The Washington Post and USA Today lead with Senate hearings for John Ashcroft and Colin Powell. The Los Angeles Times leads with rolling blackouts forced by California's energy crisis. The top nonlocal story at the New York Times is testimony from the treasury secretary nominee, who doubts that President-elect Bush's planned tax cut would impact hugely on the economy.
On the second day of hearings, Democrats seemed resigned to Ashcroft's confirmation as attorney general. The Wall Street Journal says talk shifted away from "open opposition." The LAT says Ashcroft "clearly is reaping the benefit" of former service in the Senate -- since most senators know and like him, it's hard to believe they'd vote him down. The WP lead says Democrats focused on race, blasting Ashcroft's speech at Bob Jones University and an interview he gave to a "neo-Confederate" magazine. Sen. Joseph Biden called these and other choices "racially insensitive." In a front-page "News Analysis," the NYT suggests this battle is less about Ashcroft and more about Bush. With Bush losing the popular vote, Dems see a chance: They're re-raising issues that Bush "successfully played down in the presidential campaign, like abortion, gun control and affirmative action."
Meanwhile, in other hearing news, Gen. Colin Powell's confirmation is a "love fest," in one WP quote. USAT's lead says Powell, the secretary of state nominee, strongly backed a national missile-defense system. He brushed off concerns, declaring, "If you think a system makes sense, you have to sell it." The WP off-leads the hearing. It says Powell hinted at a more activist foreign policy than was put forth during the Bush campaign.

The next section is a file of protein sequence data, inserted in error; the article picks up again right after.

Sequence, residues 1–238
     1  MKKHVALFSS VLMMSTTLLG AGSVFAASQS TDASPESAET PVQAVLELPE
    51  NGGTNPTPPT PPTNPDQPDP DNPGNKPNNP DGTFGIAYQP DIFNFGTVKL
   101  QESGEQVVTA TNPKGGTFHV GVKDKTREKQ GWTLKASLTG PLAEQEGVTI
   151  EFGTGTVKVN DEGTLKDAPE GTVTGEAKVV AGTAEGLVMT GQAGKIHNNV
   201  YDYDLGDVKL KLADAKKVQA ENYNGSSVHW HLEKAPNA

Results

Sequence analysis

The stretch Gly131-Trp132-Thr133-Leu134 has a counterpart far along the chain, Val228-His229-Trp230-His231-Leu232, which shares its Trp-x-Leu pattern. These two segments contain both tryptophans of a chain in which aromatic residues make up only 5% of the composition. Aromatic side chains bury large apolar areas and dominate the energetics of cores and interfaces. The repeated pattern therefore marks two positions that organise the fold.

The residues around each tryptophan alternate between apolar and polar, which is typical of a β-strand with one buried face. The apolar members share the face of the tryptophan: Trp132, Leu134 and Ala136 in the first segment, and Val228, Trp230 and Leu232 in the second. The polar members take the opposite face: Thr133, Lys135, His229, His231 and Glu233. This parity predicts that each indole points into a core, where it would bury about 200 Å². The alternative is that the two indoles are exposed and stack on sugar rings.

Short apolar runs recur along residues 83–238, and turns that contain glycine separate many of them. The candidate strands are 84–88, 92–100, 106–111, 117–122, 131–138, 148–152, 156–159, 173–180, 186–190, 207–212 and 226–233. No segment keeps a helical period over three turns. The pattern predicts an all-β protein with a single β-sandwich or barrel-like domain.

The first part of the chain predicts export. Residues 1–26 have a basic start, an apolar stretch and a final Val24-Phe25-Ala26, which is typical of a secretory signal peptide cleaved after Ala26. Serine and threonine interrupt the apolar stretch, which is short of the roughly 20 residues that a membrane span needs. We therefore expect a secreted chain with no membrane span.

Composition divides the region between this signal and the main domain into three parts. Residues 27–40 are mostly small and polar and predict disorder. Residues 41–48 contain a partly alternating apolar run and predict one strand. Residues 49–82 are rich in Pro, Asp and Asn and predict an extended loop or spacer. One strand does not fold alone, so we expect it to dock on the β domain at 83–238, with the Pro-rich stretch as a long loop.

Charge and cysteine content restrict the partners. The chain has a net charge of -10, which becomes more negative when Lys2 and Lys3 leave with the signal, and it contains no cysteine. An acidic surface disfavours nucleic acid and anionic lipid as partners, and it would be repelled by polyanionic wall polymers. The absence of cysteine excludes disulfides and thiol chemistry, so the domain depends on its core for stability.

Everyone gives front-page play to rolling blackouts in California. The state ordered the blackouts to conserve dwindling energy. Outages lasted up to 90 minutes before being shifted to a new area. ATMs, traffic lights, and elevators stopped working. Businesses switched to backup generators, and many closed early. Further blackouts are likely on the way.
The NYT's off-lead says Paul O'Neill, nominee for treasury secretary, sounds slightly less sanguine than Bush when it comes to tax cuts. O'Neill suggested that even a big cut could do little to stimulate the economy. Because Bush will require huge support to push any tax cut through, this potential sign of weakness within his own camp bodes not well. The WP runs the item on A13.
Congolese officials claim President Laurent Kabila is alive, but the WSJ says it's "all but certain that he is dead." The papers find multiple, credible sources who say Kabila died from gunshot wounds inflicted by his bodyguard after what the WP calls "a contentious cabinet meeting." Congo has appointed Kabila's son interim leader. Kabila, dead or not, makes every front page save USAT, but the papers are pretty murky as to what the hell's going on over there.
A front-page NYT story says scientists in Cambridge, Mass., have slowed down a beam of light, made it stand still, and then restarted it. A "landmark feat," the research could have a massive impact on computing and communication, speeding up calculations and making messages safe from eavesdroppers.
*Where Are They Now?* An AP story in the WP catches up with Luther and Johnny Htoo, those angelic, preteen terrorists who were all the rage last year. Thailand has announced possible asylum for the twins, who are on the run from the Burmese military, which they have long tried to overthrow using alleged magical powers of invincibility. Good to see the kids are all right.